Church of Scientology Recognizes Tampa Bay Volunteers

Deserving Tampa Bay area volunteers were presented with the President’s Volunteer Service Awards at the National Volunteer Week celebration at the Fort Harrison religious retreat of the Church of Scientology Flag Service Organization.

In celebration of National Volunteer Week, Tampa Bay volunteers were recognized April 24 at the Fort Harrison religious retreat of the Church of Scientology Flag Service Organization.

National Volunteer Week was established in 1974 to acknowledge the positive impact of volunteers on American society. In emphasis of the importance of volunteerism, the President’s Volunteer Service Award was created in 2003, to honor Americans who “by their demonstrated commitment and example, inspire others to engage in volunteer service.”

In his proclamation on National Volunteer Week 2013, President Obama stated: “National Volunteer week is a time to renew that fundamentally American ideal of service and responsibility. It is also a time to recognize the men, women, and children who bring that principle into practice every day by lifting up the people around them… . Ordinary men and women have stepped forward and accomplished extraordinary things together, uniting as friends and neighbors and fellow citizens. The strength they have shown reminds us that even in our darkest hours, we look out for each other. We pull together. And we move forward as one.”

Thirty-three Tampa Bay area volunteers and groups qualified to receive the President’s Volunteer Service Awards this year.

Church of Scientology Public Affairs Director Pat Harney presented the volunteers and groups with gold, silver or bronze pins, framed certificates from the Corporation for National Community Service, and letters from President Obama thanking them for their service.

The awardees included:

  • Youth for Human Rights Florida for their work in bringing human rights education to youth around the world.

  • United for Human Rights Florida for providing educators with human rights teaching materials free of charge.

  • Foundation for a Drug-Free World, Consumer Energy Solutions Drug-Free World initiative and other volunteer groups for their drug education work.

  • The Way to Happiness of Florida, whose volunteers spent more than 12,000 hours in 2012 providing character-building seminars and distributing copies of The Way To Happiness, a common sense guide to better living by author, humanitarian and Scientology Founder L. Ron Hubbard.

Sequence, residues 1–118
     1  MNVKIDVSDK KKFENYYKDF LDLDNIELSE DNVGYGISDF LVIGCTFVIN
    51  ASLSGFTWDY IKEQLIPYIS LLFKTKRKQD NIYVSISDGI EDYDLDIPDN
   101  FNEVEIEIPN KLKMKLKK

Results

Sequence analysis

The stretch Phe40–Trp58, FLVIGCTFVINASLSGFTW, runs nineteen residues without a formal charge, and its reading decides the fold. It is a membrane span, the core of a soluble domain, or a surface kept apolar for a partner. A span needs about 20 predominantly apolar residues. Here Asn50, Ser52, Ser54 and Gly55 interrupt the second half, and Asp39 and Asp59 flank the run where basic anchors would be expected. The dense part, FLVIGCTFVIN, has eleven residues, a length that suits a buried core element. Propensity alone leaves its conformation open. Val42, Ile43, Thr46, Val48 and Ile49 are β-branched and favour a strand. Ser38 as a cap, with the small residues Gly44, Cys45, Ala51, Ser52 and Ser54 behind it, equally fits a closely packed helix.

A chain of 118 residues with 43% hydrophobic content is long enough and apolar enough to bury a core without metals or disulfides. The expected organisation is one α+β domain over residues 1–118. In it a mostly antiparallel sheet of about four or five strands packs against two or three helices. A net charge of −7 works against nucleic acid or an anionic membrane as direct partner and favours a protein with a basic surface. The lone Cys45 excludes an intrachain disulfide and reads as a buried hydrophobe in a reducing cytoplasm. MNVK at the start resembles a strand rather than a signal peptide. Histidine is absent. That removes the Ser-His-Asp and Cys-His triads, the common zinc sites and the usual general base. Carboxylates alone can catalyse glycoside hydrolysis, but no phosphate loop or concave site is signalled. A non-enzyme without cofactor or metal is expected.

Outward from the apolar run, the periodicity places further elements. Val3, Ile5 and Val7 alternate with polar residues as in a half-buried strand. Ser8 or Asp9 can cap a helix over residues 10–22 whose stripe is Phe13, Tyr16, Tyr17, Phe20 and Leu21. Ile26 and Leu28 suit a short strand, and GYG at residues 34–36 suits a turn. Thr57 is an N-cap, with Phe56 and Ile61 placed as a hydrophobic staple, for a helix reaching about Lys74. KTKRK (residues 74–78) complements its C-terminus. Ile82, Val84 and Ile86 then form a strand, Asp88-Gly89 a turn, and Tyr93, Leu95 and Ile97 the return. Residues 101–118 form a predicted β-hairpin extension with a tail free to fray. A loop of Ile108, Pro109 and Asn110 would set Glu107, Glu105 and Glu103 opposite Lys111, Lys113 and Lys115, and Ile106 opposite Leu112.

• Criminon Florida volunteers, who help criminals regain self-respect and once again become contributing members of society. Some 2,500 inmates are enrolled in its correspondence courses in addition to the on-site program they provide to inmates of four Florida correctional facilities.

  • The Stop the Violence Coalition of St. Petersburg led by Brother John Muhammad, which dedicated more than 1,300 hours to keeping Childs Park in St. Petersburg safe through a series of vigils, street rallies and anti-crime information programs.

  • The Community Learning Center in Clearwater, which provided more than 4,000 hours of free tutoring for English and Spanish-speaking children and adults.

  • Hillsborough County School Board Member Susan Valdes who volunteered more than 2,000 hours in 2012 to educate underserved children of the Tampa Bay area.

  • Kay Dillinger earned a gold-level award for her years of volunteer work in educating and raising living standards of local youth.

  • Pinellas County Public Defender Bob Dillinger, who received a lifetime achievement award for his work providing food and clothing to Pinellas County children in need.

“It is actions such as those acknowledged here today that help decrease crime, drug addiction, abuse and illiteracy and bring unity and joy to the community,” said Harney, who offered the continued support of the Church of Scientology to volunteerism throughout the Tampa Bay area.

“Whether you are a Scientologist or not, we are here to help you in whatever way you choose to volunteer,” said Harney. “We are committed to improving this community and helping unite efforts to overcome barriers to progress and prosperity.”

Scientologists on five continents engage in collaborative efforts with government agencies and nongovernmental organizations to improve conditions in their communities and society. The Church of Scientology has published a series of new brochures to meet requests for more information about the Scientology religion and its support of global humanitarian initiatives and social betterment programs. For more information, visit the Scientology website at

The Scientology religion was founded by L. Ron Hubbard in 1952 and the first Church of Scientology was formed in Los Angeles in 1954. The religion has expanded to more than 11,000 Churches, Missions and affiliated groups, with millions of member in 167 countries.